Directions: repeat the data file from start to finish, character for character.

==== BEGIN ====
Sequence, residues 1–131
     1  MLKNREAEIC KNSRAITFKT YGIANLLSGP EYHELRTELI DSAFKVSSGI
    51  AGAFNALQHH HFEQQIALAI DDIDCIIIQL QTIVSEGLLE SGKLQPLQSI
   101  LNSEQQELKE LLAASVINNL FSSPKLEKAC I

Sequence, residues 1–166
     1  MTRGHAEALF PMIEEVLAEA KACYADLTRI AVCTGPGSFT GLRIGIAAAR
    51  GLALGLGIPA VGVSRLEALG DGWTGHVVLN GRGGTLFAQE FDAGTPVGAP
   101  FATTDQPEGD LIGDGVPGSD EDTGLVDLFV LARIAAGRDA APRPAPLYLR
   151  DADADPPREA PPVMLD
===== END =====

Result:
Sequence, residues 1–131
     1  MLKNREAEIC KNSRAITFKT YGIANLLSGP EYHELRTELI DSAFKVSSGI
    51  AGAFNALQHH HFEQQIALAI DDIDCIIIQL QTIVSEGLLE SGKLQPLQSI
   101  LNSEQQELKE LLAASVINNL FSSPKLEKAC I

Sequence, residues 1–166
     1  MTRGHAEALF PMIEEVLAEA KACYADLTRI AVCTGPGSFT GLRIGIAAAR
    51  GLALGLGIPA VGVSRLEALG DGWTGHVVLN GRGGTLFAQE FDAGTPVGAP
   101  FATTDQPEGD LIGDGVPGSD EDTGLVDLFV LARIAAGRDA APRPAPLYLR
   151  DADADPPREA PPVMLD